Lawmakers in Arizona were divided on a series of bills that mark the first immigration proposals in the Legislature since the state passed it's controversial immigration law six years ago.
The Senate passed a bill that would stiffen sentences for immigrants in the country illegally, but killed two others targeting illegal immigration.
Lawmakers have largely steered clear of the topic since the 2010 law, SB 1070, sparked national controversy, led to a lengthy court fight and rattled the business community. But the three measures made it to the Senate floor Monday as Republicans looked to again strengthen immigration laws.
Sen. Steve Smith, R-Maricopa, sponsored a bill that would essentially make it impossible for immigrants in the country illegally to receive any leniency in the courts when they commit serious crimes. The proposal originally would have repealed a law letting state corrections officials release prisoners to federal authorities after serving half their sentences, but an amendment adopted Monday left that law in place.
Smith said the bill came in response to a case from last year in which an immigrant who entered the country illegally and was out on bail for a separate crime shot and killed a 21-year-old convenience store employee over a pack of cigarettes.
"It's a good first step in the right direction of protecting families like his," Smith said, referring to the victim's father, who was in attendance for the vote.
Sen. Martin Quezada, D-Phoenix, opposed the measure, saying it unfairly targets a specific group.
"To single out this one particular situation, what we are doing is making a political point," he said. "We are grandstanding here."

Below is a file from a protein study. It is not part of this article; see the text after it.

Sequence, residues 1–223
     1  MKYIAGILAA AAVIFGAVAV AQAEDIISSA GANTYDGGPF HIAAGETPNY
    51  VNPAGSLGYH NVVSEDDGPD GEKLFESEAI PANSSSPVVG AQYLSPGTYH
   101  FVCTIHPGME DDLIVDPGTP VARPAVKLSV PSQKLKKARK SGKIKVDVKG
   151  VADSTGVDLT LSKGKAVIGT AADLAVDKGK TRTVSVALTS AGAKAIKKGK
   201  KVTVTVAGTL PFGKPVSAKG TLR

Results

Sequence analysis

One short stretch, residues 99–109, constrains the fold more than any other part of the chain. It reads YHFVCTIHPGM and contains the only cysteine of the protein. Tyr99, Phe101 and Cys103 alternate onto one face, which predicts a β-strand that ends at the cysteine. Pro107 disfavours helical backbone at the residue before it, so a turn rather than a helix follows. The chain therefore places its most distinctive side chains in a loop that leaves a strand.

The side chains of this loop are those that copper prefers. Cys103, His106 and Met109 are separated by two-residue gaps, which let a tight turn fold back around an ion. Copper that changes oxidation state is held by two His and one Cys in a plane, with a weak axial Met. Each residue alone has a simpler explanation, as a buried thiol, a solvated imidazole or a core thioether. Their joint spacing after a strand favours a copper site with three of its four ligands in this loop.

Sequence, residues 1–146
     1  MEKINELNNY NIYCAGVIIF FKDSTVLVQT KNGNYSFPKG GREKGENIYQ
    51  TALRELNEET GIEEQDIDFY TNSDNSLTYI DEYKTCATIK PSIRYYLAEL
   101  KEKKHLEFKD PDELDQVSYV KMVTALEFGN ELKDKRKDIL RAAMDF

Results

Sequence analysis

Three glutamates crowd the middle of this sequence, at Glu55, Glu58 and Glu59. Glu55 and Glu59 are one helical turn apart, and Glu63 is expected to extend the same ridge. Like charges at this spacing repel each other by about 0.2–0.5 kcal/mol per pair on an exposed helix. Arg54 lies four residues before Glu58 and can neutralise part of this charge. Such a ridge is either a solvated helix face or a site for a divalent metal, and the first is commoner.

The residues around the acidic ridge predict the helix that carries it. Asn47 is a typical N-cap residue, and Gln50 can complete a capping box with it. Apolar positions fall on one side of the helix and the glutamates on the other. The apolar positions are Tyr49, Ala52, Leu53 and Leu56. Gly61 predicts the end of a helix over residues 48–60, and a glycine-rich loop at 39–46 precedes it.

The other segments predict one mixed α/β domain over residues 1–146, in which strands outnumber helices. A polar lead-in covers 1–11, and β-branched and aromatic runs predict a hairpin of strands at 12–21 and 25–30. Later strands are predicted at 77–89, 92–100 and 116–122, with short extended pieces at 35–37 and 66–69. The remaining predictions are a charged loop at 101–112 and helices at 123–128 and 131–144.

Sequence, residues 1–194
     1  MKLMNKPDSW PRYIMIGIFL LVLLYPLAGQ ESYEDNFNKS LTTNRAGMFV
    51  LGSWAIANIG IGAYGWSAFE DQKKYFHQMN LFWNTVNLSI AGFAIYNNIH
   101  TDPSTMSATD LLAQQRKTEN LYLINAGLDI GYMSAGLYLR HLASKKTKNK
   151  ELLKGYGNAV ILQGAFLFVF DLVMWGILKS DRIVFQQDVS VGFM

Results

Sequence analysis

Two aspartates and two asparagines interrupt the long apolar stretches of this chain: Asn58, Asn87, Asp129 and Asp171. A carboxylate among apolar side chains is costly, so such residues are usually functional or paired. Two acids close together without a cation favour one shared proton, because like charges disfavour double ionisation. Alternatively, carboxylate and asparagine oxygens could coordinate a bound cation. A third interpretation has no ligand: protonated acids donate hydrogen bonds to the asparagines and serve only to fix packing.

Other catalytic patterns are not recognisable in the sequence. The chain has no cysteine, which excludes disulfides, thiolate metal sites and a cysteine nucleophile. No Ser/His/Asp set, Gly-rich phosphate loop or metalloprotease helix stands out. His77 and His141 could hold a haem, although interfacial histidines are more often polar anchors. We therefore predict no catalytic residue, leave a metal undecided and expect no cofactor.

The bill now moves to the House.
At the same time, the Senate failed to adopt two other measures that make life more difficult for immigrants who have entered the country illegally.
One bill by Smith would have taken state funding from municipalities that enact "sanctuary city" policies benefiting immigrants. That proposal would add stiffer penalties to laws adopted when the Legislature passed SB 1070.
The other measure, by Sen. John Kavanagh, R-Fountain Hills, would have prevented immigrants in the country illegally from acquiring a city-issued identification card. The motivation for Kavanagh's bill stemmed from a Phoenix proposal to issue identification cards to people including homeless and those who have entered the country illegally.
The Senate could still decide to reconsider the bills.
Republicans voting against the measures said they were voting on the merits of each bill, not the topic.
"You're lumping them all together as do many people, but to me they're three entirely separate bills dealing with separate subjects and they do separate things," said Sen. Adam Driggs, R-Phoenix.
He noted, however, that the Legislature faced "immigration fatigue" in the wake of SB 1070 and the ensuing lawsuits.
Sen. Bob Worsley, R-Mesa, said he supported the measure adding stricter sentences but said the other two might lead to "symbolically chasing people around if they can't show papers."
Based on reporting by The Associated Press.